What about “just in case?”

We live in a world of vulnerability and unpredictability. It’s in our natural to want to keep more than we need as a result.  There are a few antidotes to this thinking.

  • The Minimalist share their theory of 20/20.  Anything you can replace for 20 dollars or go out of your way 20 minutes to get can be eliminated.
  • Anything you have not used in a certain number of years can be eliminated.  You set that number of years.  You may have to use it in the next 6 months, but it is worthy of storing as a result?  You be the judge of which is more valuable to you.  A little inconvenience or more added space.
  • Share your story of why you are keeping an item. Does it make sense as you tell someone else?

Just in case keeps us paralyzed.  Check in with new perspectives to see if you are ready to let it go.


It’s a gift from someone special.

Unused wedding gifts, sweaters from sister’s that are too small, or a collection from a deceased family member can have a strong hold on us.  Sentimental clutter is hard to let go of.  Decide if it is something you love first.  If not, let it go and let others be blessed by it.  If it is, then here are more options.  Is it an item that you can take a picture of to remember it, instead of keeping the item? Write a journal or blog post about why it’s special.  Keep a few of the most precious items and sell the remainder.  There are many ways to move forward with special gifts that have lost value for us.


There are lots of decisions to make in organizing. There are lots of resources to use to help you. Check out my pinterest boards to find answers to your organizing questions.   Join my monthly newsletter for more answers too.

8 Routines of Organized Families

8 routines of organized families


Family routines make family life run smoothly.  It’s no secret there are lots of reasons to be an organized family.  It’s these 8 routines that make a difference and help your family be THAT organized family.


1.  Family meetings help everyone communicate, work together and know what is needed.

2.  Grocery shop on the same day or days each week. Never run out of milk, bread or other essentials.

3.  Your family calendar can be paper or digital.

4.  Completing laundry twice a week means everyone can find their jeans and underwear all the time.

5.  Have a landing strip where kids backpacks and your bags sit ready to go each morning.

6. Have a spot your mail comes to each day, open it over the recycling container and shred right away.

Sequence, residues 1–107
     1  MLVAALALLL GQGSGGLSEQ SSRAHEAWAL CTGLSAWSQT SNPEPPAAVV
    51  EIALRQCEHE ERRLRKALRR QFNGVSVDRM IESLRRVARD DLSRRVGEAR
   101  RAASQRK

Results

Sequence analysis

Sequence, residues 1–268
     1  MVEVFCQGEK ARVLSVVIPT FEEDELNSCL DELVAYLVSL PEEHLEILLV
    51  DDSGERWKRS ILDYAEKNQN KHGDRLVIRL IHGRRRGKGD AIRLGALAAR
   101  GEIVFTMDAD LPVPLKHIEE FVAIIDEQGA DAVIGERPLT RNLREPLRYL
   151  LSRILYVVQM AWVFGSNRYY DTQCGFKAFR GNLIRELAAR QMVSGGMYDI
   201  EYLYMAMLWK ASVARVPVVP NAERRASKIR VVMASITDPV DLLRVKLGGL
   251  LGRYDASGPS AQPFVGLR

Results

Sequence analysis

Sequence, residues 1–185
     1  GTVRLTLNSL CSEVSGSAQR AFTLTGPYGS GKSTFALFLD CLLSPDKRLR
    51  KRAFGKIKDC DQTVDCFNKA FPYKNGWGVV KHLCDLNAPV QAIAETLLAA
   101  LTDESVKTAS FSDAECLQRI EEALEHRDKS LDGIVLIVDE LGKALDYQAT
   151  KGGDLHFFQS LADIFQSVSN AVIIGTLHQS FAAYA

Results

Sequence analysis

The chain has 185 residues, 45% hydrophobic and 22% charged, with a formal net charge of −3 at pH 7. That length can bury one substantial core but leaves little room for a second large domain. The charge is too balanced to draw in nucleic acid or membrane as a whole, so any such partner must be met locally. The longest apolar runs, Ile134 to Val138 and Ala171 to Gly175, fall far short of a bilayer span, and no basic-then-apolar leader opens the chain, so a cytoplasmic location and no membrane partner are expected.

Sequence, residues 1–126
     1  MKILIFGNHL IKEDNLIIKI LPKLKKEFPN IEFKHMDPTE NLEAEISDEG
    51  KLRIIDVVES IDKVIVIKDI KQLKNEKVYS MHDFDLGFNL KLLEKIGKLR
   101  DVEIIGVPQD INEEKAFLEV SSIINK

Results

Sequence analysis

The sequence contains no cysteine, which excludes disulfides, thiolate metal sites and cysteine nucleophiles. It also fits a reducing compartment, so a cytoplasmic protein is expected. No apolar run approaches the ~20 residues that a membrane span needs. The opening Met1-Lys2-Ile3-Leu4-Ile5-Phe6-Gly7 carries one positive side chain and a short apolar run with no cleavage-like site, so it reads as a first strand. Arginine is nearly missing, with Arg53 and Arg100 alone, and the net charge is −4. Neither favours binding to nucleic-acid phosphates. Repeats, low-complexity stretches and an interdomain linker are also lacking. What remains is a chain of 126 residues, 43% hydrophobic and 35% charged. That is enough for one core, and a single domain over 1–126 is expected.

7. It could be just once a week, but having family dinner together makes for cohesiveness.

8.  Everyone needs a good bedtime.



Organized families keep up with habits and routines with charts, check lists and signs.  Organized families make time for organizing and prioritize working together to organize.  Organized families know the value of organizing.


More ideas for busy parents here!




Paper Processing (How to make your paper disappear!)

paper management


Overwhelmed by paper and just want to make it vanish?  Paper processing is a way to be sure you are getting rid of as much extra paper as you can.  Check out these ideas!


Gather paper together mail, your kids’ backpacks, and other areas.

  • Set up a command center with slots for action, pay, file and receipts.
  • Set up baskets for your kids’ school papers to keep for a month
  • Process incoming papers 5 minutes each day
  • Create a weekly administrative time for one hour to process everything in your command center and file.


Kids papers

  • Once a month review your kids papers. Keep only what is precious.
  • Keep precious papers and art in a box in your kids’ closets, photo it for a photo book, or use a large portfolio to store it.


Annual paper review

  • Each February as you prepare for taxes, gather papers for tax prep, archive financials, and shred papers.
  • Group papers by year that may be of  more importance, such as medical explanation of benefits, credit card statements or kids school documents.

Going paperless

  •  Use PaperKarma to eliminate paper
  • Use to eliminate junk mail and magazines.
  • Choose a scanner to move from paper to digital.
  • Include a To Be Scanned section in your command center.


References for what to keep

  • ABCs of Important Papers
  • Real Simple 5 Steps for Simpler Record Keeping
  • Ellen’s Blog Important Papers


More ideas for getting rid of paper in my monthly newsletter.  Join here!